Perez frequently brings up Hamer when talking to black audiences. But despite years of work from black women inside the party, some of Hamer’s criticisms still hold. “I get what [Perez is] trying to do, which is to call attention to a past when black women tried to lead the party in a new direction,” said Houck. “But,” he added, “to just drop her name, that’s not really doing anybody any real good. She’s not a simple person with a simple legacy and it empties her of a lot of her complexity. And it’s insulting to her.” Additionally, he offered that Rosa Parks, who Perez often mentions in the same breath as Hamer, did not do politics. “It’s like, come on now. There are black women in history who did politics and did it well. We got to learn some new names.”

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Hamer’s early activism was about voting rights, and then later, in the 1970s, focused on food access and eradicating poverty and not necessarily as centered on activity in the Democratic Party, whose engagement she in 1968 compared to a mother who can’t properly tend to her child and resorts instead to a pacifier. “And that's what we have today,” said Hamer of the party’s efforts to listen to people’s ideas on reforms, “something that really didn't do us any good, but just get us to hush.”

That is how some women in the party view the DNC’s A Seat at the Table tour. (A Facebook group for the initiative was invite-only, one national operative noted.) Billed as a national listening and training tour, the forum is led by Waikinya Clanton, the DNC’s black American outreach director, and its logo includes images of three political icons: Hamer, Shirley Chisholm, and Barbara Jordan. “We do what we do because we know there is a history of marginalization and of abuse in this nation,” said Rep. Yvette Clarke of Brooklyn, where the first event was held. Brown Lierman also gave remarks at the event, saying black American women “are the table and we invite the rest of the country to sit there with us.”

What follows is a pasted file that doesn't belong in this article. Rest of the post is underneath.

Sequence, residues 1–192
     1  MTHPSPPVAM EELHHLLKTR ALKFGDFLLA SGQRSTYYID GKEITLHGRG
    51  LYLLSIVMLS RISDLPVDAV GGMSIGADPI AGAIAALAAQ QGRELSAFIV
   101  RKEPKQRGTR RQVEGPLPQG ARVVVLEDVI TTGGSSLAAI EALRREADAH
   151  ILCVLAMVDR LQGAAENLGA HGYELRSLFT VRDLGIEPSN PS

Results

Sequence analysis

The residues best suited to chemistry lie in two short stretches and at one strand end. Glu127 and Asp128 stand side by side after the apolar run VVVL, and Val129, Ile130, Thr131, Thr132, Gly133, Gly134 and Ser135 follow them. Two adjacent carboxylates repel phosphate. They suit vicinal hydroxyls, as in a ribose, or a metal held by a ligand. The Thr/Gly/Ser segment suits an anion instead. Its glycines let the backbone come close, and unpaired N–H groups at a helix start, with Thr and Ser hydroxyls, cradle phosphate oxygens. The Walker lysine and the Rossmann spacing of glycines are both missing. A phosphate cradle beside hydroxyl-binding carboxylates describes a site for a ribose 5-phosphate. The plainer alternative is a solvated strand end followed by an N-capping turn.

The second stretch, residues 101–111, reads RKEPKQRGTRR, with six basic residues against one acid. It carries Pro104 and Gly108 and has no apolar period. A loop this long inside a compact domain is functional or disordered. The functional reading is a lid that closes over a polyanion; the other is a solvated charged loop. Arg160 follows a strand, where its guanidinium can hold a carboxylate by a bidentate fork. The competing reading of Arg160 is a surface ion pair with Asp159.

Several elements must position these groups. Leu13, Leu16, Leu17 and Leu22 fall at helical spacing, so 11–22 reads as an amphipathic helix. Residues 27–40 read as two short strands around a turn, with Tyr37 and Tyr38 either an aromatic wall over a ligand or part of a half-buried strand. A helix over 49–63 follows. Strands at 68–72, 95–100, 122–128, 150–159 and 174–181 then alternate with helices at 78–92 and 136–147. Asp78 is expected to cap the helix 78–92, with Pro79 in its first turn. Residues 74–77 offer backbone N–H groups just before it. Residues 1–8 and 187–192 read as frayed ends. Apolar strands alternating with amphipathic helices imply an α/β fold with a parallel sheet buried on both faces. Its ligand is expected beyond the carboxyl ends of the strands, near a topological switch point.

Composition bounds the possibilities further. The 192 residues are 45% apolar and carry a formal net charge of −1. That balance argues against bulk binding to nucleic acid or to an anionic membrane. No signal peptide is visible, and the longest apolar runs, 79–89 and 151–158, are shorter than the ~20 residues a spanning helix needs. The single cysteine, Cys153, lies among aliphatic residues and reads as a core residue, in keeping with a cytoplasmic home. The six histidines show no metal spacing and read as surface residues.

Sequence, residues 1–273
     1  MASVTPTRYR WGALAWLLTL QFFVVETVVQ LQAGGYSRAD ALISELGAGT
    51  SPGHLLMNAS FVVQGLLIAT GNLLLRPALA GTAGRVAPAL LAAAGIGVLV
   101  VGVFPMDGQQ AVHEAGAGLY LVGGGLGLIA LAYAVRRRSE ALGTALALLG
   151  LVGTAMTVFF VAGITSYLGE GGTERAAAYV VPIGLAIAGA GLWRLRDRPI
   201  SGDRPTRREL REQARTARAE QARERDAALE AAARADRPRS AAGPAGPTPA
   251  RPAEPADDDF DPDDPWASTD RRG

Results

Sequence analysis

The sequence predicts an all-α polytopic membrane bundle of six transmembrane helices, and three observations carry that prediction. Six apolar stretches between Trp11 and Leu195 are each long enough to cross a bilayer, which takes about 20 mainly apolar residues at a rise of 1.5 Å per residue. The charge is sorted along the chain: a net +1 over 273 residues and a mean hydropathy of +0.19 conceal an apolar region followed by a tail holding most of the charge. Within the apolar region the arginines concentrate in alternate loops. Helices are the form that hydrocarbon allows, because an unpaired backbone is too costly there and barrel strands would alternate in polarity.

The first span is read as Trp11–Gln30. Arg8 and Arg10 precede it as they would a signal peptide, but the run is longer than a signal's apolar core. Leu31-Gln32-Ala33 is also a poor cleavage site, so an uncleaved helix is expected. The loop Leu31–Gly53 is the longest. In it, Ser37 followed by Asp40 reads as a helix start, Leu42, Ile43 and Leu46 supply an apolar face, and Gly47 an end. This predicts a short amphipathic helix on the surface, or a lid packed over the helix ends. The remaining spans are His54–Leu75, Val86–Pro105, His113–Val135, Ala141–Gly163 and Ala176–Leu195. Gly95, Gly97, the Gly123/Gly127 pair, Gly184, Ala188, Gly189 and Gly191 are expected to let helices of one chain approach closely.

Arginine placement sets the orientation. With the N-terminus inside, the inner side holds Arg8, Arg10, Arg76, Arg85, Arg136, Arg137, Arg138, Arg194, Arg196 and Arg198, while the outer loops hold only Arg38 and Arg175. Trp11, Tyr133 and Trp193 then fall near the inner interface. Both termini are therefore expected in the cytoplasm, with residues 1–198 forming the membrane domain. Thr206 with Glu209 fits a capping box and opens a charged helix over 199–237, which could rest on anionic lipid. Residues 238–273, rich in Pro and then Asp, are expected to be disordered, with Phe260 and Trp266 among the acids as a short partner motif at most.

These highlights made it into a glossy video the DNC played to an audience at a recent Atlanta fundraiser. “We took too many people for granted and African Americans, our most loyal constituency, we all too frequently took for granted,” Perez said in Atlanta. “That is a shame on us, folks, and for that I apologize. And for that I say, it will never happen again!”

Black women say the program is needed but not groundbreaking, describing it as “window dressing” and “insufficient” to rebuild black women’s trust in the party. Most of all, they worry it’s being interpreted as an unprecedented step for the party, which in the past sponsored significant outreach to black women under former DNC chairs like Brown, Terry McAuliffe, and Howard Dean.

“We don’t need you to set a table for us,” said Melanie Campbell, the president and CEO of the National Coalition on Black Civic Participation and the convener of the Black Women’s Roundtable Public Policy Network. Campbell, a longtime organizer, has reinvented herself as a powerful central figure in a wide-ranging effort to magnify black women’s voices in the digital age. “It’s not about apologizing to us. It’s about recognizing if you want to win, black women are who is going to drive it.”

A young black woman who is a popular Democratic political operative and activist said Clanton is well-liked and respected, but “a lot of people are trying to understand what [A Seat at the Table] is.” In April, there was a pivotal meeting about the DNC’s engagement with black women, according to a person familiar with the gathering. Exposing internal problems, the Colored Girls coauthors, four women seen as mentors who helped transform the Democratic Party, were not invited, three sources said. A Facebook group for Seat at the Table “ambassadors” run by Clanton remains closed with just under 1,000 members.